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This is the one-hundred and ninety-sixth in a series of examinations of comic book legends and whether they are true or false. Click here for an archive of the previous one-hundred and ninety-five.
This week is a special theme week – “Additions and Omissions.” Doesn’t that have a heck of a ring to it?
COMIC LEGEND: The original Punisher mini-series was expanded from four issues to five based on the high pre-orders of the first issue of the series, which explains why there is additional artwork in the final issue from different artists.
STATUS: False on Both Accounts
Once upon a time in an almost mythical era known as the early 1980s, the Punisher did not have his own comic book series.
That gross injustice was corrected when Steven Grant and Mike Zeck teamed up for the 1986 Punisher mini-series. The mini-series proved a massive sales success, and soon the Punisher would gain an ongoing series (and soon after THAT, he had his first spin-off series! At his peak, the Punisher was starring in three ongoing monthly series plus the semi-regular Punisher Armory series plus seasonal specials).
Fans, however, noticed something strange about the covers of the comic.
Look at the covers for #1 and #2.
Anything seem odd to you?
The first issue notes that the comic is a four-issue series.
The second issue notes that the comic is a FIVE-issue series.
The third and fourth issues go back to four-issue series…
while the fifth issue, naturally, says it is a five-issue series.
After the somewhat surprising nature of the Punisher’s popularity, the rumor began that the reason for the change was because Marvel saw the order numbers for the first issue and quickly moved to expand the series to five issues.
In addition, the fifth issue was not drawn by Mike Zeck, but by Mike Vosburg. This was attributed to the fact that the move from four issues to five necessitated a quick fill-in artist, as Mike Zeck was only scheduled to do four issues, not five.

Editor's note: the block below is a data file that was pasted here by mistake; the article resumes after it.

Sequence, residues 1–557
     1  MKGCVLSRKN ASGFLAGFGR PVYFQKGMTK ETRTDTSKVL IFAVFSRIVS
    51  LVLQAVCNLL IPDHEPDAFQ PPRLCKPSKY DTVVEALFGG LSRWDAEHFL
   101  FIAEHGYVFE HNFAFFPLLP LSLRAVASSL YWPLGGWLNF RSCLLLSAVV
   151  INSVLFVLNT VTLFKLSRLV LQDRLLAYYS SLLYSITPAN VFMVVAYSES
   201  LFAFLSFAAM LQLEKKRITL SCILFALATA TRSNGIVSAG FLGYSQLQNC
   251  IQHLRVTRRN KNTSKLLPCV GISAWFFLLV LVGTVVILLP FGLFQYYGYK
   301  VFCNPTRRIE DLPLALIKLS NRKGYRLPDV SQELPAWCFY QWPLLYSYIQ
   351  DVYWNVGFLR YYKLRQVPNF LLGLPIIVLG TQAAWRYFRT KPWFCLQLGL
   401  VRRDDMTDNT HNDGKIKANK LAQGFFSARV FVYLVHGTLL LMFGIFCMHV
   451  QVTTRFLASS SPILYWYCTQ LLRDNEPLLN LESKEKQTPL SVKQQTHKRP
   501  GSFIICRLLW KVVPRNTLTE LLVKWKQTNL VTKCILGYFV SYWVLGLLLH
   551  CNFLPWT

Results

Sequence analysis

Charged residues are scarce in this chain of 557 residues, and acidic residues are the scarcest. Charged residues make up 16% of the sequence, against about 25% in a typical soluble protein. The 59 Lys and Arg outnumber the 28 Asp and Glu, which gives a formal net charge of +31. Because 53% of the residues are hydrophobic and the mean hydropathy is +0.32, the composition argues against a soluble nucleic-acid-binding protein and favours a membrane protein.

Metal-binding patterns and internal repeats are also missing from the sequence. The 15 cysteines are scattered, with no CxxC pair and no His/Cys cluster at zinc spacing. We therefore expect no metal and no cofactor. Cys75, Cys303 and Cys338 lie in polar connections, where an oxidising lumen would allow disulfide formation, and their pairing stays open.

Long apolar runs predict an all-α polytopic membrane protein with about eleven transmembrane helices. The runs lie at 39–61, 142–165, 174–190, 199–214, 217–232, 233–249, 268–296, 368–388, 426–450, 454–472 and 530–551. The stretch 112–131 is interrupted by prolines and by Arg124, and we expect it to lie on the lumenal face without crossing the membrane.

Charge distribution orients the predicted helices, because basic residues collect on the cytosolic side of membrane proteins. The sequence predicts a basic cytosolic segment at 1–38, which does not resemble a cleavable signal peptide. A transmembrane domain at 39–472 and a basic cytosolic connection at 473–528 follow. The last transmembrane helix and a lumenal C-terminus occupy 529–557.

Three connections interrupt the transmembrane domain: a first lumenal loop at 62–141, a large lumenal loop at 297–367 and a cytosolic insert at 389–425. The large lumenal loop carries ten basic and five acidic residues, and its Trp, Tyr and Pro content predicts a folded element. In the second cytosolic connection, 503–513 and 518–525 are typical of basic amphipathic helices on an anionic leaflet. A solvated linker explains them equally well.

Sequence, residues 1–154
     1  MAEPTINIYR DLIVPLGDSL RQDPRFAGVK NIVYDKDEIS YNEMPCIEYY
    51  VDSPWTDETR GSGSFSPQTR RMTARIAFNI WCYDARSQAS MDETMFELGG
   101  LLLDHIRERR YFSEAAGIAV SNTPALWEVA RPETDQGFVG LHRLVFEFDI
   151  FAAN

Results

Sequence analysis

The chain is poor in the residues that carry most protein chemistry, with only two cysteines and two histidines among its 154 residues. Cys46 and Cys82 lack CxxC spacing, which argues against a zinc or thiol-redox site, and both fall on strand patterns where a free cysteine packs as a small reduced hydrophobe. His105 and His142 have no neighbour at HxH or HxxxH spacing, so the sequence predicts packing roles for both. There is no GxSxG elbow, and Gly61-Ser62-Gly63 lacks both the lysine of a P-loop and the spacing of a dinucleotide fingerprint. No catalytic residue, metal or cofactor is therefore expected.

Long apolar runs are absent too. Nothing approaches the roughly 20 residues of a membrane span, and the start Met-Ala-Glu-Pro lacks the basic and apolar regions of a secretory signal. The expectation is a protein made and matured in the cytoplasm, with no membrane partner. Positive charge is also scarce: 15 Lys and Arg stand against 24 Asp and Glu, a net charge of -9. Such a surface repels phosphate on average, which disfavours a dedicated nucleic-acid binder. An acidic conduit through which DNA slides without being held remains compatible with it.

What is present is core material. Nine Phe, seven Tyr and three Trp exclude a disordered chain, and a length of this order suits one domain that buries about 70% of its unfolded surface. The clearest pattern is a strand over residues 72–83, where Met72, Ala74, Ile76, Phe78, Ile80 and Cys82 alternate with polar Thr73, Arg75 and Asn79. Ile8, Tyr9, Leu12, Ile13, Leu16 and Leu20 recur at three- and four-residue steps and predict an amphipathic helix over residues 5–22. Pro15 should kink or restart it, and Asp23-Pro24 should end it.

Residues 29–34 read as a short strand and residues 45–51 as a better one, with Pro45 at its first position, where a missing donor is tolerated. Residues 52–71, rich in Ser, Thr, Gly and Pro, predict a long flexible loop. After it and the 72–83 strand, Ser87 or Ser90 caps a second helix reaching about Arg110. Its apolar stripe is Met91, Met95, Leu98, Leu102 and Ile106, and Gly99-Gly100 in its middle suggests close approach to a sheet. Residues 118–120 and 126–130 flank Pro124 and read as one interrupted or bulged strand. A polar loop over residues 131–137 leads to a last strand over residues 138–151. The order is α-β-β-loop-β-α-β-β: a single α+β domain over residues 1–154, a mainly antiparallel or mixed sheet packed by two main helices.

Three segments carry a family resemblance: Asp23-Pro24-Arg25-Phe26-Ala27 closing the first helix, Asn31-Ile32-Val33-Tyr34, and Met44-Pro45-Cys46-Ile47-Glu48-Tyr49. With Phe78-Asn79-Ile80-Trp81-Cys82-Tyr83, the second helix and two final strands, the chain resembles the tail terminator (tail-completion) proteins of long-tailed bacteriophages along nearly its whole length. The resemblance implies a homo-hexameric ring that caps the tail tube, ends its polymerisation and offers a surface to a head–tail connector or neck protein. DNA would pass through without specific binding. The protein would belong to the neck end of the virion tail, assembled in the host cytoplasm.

In fact, the Wikipedia entry for the Punisher limited series says basically just that…
The first issus was bannered on the cover as the first of four. After this first issue immediately sold out, Marvel expanded the miniseries to five issues. The miniseries was such a success that the Punisher was brought back the next year in his own ongoing monthly title.
Issues #1, #3 and #4 had banners promoting a four-issue limited series and issues #2 and #5 promote a five-issue series. Mike Zeck was the artist on the first four issues and Mike Vosburg was the penciller of #5. The splash page of issue #5 has a caption stating “Special thanks to true pros Mike Vosburg (pencils), Jo Duffy (script), and Big John Beatty (inks)” alluding to the difficulties of expanding a four-issue limited series into five issues.
I asked both Grant and Zeck about the situation, and here’s what they had to say.
First, writer Steven Grant…
Originally Mike and I wanted to do the 4th and 5th issues as one double-sized like the first one, but Marvel wasn’t keen on it, so we split it in two. But that was long before production started, so it shouldn’t have been a factor. I think the first issue reads “of a four-issue limited series” and Mike and I raised holy hell over that so the second issue has “five” on it. But production couldn’t keep it straight because nobody DID five issue series. People did four issue series. Mike and I had a bet with each other that the fifth issue would read “#5 In A Four-Issue Limited Series,” but they managed to get it right that time.
Next, penciler (and cover artist) Mike Zeck….
Grant is right in that it was always planned to be a 5-issue limited. The logo mix-up was really just a matter of the production department being in a habit of pasting “#X in a 4-issue Limited Series” with almost all other limited series. I noticed it right away when I caught sight of the first issue and called the editor right away. We were just in time to contact the printer and have the line corrected on the second issue. I figured it was taken care of until I saw the third issue with the same “4-issue Limited Series” banner. I figured it was useless to try and correct that fourth issue at that point since readers wouldn’t know what to believe anyway.
The Vosburg fifth issue was the result of deadline problems. I spent more than my usual time with the art on the first double-sized issue. Then spent even more time re-coloring it once I saw the originally submitted colors. It was already scheduled at that point, and I was well behind by the time I was into the second issue. So,.. breakdowns were suggested again to speed things up, and even with that, the editor figured it best to assign the last issue to another artist just to make sure shipping dates were met for all issues.
I think that basically settles that, no?
Thanks so much to Steven Grant, whose column, Permanent Damage, is on this here very site, Comic Book Resources (click here to check it out) and thanks again to Mike Zeck (who has been quite open with information in the past with me, as well). You can check out Mike’s site, MikeZeck.com, here.
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